AL RAYYAN, Qatar, Nov 29 (Reuters) - France’s first experience with a former colony in a World Cup match ended bitterly when, as defending champions, they played a fired-up Senegal in the opening game of the 2002 tournament and suffered a 1-0 defeat that precipitated a first-round exit.
Expectations for Wednesday’s meeting with Tunisia in their last group game in Qatar are very different, with the powerful French side through to the last 16 and expected to sweep the African team aside, but there is sure to be an edginess to the contest, born of the colonial links between the countries.
Ten of the Tunisia squad at this World Cup are French-born, some of them youth internationals for France before switching allegiance.
Another two have lived in France since a young age and are also dual nationals, adding a familiarity to the clash.
Experienced Tunisia striker Wahbi Khazri was born on the French island of Corsica and on the books of Ligue 1 club Montpellier.
"I wanted to be in France's group before the draw. It's a dream come true," Khazri told reporters on Tuesday.
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"I try to represent Tunisia in France every weekend by performing well and I like to represent Corsica too, because I was born there. I carry a lot of flags on my shoulders, it's nice. I am 100% Tunisian, 100% French and 100% Corsican. I have no embarrassment about that," he added.
Khazri's relaxed attitude towards the match at the Education City Stadium is not the norm, however, as past clashes have been a forum for France’s marginalised migrant communities to vent their frustrations.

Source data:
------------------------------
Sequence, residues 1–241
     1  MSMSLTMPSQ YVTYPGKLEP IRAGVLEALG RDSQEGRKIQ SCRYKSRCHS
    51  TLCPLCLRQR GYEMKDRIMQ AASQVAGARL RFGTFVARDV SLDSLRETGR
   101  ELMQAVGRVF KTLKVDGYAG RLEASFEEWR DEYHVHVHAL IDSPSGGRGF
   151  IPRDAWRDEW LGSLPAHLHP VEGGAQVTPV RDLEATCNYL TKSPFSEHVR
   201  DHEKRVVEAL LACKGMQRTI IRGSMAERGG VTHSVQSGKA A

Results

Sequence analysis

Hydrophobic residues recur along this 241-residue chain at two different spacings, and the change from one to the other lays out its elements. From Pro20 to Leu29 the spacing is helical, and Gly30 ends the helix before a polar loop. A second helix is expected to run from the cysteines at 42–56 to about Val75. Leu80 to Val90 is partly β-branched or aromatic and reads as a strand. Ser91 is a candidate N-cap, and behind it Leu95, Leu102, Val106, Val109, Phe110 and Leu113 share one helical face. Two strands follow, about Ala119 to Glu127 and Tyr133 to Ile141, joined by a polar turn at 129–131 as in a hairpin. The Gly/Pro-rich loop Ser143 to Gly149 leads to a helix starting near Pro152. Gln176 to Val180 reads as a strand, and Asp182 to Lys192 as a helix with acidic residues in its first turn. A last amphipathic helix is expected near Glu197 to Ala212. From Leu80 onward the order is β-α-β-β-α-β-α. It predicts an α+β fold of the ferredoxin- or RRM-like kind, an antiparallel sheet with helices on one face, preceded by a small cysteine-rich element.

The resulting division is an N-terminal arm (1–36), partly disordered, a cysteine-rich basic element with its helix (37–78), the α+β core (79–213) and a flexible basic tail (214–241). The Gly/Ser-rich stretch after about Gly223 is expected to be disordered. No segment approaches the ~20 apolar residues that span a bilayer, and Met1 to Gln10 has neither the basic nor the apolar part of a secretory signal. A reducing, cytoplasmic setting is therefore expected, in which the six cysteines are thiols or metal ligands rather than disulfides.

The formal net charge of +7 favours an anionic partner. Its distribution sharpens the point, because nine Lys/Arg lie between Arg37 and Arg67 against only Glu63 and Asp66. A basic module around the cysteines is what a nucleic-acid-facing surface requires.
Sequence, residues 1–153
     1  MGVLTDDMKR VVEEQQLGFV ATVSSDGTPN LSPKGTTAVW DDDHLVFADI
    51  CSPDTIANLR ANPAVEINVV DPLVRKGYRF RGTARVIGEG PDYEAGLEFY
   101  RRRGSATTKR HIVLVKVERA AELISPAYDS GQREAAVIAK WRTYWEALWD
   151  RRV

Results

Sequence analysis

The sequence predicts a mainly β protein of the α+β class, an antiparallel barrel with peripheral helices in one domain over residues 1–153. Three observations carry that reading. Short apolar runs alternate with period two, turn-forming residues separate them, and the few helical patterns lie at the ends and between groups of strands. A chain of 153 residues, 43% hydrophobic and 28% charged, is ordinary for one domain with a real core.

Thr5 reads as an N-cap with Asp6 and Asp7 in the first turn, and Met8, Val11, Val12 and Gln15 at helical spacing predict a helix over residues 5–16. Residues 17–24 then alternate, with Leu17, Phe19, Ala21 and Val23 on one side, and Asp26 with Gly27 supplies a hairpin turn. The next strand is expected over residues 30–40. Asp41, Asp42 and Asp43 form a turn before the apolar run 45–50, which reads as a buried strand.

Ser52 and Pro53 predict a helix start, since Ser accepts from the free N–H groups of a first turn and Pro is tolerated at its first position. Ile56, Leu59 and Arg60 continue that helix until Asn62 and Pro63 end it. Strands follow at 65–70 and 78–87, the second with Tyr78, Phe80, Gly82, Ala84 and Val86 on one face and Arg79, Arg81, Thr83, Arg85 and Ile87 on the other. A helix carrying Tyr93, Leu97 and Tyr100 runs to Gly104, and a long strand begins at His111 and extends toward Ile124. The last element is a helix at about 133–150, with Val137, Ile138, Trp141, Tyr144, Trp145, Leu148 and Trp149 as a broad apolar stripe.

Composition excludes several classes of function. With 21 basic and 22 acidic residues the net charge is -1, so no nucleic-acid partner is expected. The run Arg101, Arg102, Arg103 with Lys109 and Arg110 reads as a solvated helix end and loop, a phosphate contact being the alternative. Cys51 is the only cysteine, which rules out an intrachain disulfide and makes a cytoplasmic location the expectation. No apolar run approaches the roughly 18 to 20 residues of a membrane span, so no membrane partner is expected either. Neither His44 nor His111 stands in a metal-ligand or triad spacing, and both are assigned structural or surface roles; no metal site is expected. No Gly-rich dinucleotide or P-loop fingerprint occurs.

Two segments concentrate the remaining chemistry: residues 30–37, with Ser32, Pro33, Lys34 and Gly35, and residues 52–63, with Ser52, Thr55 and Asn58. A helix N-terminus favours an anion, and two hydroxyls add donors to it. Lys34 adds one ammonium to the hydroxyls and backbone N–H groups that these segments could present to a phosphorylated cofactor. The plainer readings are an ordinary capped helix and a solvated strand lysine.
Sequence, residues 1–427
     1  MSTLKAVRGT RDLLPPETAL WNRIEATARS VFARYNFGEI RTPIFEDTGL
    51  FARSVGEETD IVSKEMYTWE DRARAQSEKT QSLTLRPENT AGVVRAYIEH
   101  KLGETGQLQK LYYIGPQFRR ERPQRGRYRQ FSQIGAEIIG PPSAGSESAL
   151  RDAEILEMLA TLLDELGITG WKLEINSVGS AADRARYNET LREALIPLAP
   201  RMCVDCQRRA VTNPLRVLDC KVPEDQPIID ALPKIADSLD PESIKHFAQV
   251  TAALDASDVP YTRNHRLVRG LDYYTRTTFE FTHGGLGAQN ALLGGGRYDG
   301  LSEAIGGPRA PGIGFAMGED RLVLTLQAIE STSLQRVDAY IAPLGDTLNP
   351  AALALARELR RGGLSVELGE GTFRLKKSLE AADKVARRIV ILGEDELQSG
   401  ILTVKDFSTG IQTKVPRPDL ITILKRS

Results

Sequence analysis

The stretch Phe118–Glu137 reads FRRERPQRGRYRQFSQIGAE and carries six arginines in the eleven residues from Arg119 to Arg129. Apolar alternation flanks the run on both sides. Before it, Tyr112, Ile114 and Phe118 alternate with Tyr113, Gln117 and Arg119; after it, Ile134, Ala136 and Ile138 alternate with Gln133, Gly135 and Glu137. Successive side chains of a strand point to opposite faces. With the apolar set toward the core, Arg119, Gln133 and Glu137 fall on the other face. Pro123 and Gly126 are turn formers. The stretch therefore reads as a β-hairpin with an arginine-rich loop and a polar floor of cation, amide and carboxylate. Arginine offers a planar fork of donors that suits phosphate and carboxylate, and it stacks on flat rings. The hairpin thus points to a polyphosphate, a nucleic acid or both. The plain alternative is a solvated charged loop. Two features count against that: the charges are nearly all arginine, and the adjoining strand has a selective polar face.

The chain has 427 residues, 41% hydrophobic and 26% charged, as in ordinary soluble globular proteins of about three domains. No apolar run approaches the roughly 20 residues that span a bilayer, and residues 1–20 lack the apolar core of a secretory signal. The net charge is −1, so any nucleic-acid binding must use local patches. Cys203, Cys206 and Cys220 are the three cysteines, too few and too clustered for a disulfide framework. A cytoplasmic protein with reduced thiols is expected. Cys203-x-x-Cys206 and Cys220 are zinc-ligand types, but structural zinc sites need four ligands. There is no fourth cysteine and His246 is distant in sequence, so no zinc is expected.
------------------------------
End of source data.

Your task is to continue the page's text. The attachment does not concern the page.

There are around 700,000 Tunisians living in France and Tunisia’s 2008 friendly against France in Paris was watched by many of them who whistled when the French anthem played and jeered every touch of the ball by France substitute Hatem Ben Arfa, who is of Tunisian descent.
It led to an angry reaction from French president Nicolas Sarkozy, who summoned the French Football Federation to a meeting and demanded no more matches on French soil against the national teams of former colonies from north Africa.
The government also insisted future games must be stopped if the national anthem was booed.
"It’s insulting for France, it’s insulting for the players of the French team, it should not be tolerated," Prime Minister Francois Fillon said at the time.
Tunisia’s team at this World Cup has benefited from passionate support from compatriots living in Qatar and they are expected to subject France to a hostile reception in the match, which the north Africans must win to stand any chance of avoiding elimination.
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